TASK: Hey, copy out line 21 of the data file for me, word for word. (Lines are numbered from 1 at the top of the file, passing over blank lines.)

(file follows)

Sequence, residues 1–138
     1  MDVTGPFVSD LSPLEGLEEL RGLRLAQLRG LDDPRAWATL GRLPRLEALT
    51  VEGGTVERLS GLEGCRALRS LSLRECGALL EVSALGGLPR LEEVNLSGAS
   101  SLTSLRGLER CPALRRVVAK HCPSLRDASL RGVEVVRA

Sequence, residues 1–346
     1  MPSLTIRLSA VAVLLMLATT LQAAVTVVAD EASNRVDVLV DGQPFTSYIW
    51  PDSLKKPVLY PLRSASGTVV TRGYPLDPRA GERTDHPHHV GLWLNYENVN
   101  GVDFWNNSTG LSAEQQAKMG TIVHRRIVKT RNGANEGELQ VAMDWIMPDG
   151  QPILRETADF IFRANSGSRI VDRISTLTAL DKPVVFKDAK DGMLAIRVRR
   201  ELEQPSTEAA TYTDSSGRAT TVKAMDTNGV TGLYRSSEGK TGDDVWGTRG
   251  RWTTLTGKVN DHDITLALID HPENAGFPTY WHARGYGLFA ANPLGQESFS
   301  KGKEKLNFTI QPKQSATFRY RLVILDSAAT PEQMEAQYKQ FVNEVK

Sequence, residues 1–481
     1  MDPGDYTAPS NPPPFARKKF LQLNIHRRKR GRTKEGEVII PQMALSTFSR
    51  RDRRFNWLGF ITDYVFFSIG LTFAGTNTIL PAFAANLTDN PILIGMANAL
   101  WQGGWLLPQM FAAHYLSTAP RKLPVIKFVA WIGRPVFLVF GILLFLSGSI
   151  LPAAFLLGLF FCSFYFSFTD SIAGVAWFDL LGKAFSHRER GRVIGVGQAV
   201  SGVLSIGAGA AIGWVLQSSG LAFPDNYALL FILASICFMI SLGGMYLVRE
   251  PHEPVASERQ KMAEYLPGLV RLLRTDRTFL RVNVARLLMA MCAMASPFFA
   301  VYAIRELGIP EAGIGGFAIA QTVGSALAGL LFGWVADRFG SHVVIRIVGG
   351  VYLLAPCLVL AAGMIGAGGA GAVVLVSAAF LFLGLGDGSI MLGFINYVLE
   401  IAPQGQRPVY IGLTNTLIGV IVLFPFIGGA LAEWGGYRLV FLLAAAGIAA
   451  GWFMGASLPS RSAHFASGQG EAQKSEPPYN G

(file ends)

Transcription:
   351  VYLLAPCLVL AAGMIGAGGA GAVVLVSAAF LFLGLGDGSI MLGFINYVLE